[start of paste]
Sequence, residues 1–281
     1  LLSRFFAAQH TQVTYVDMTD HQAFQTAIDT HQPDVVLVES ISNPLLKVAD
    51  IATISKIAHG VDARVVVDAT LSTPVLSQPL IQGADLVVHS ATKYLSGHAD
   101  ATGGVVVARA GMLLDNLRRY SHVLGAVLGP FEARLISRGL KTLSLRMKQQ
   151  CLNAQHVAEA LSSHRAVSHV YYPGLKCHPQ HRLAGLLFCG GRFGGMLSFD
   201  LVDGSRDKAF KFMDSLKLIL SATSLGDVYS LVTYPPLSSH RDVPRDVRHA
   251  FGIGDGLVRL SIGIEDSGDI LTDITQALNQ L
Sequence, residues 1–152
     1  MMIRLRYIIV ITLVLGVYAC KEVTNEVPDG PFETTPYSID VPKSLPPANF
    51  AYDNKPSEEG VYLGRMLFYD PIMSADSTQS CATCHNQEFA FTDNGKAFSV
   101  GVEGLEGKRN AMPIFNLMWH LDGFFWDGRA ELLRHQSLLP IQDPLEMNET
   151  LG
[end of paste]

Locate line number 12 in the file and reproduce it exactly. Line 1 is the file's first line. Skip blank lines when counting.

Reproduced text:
   151  LG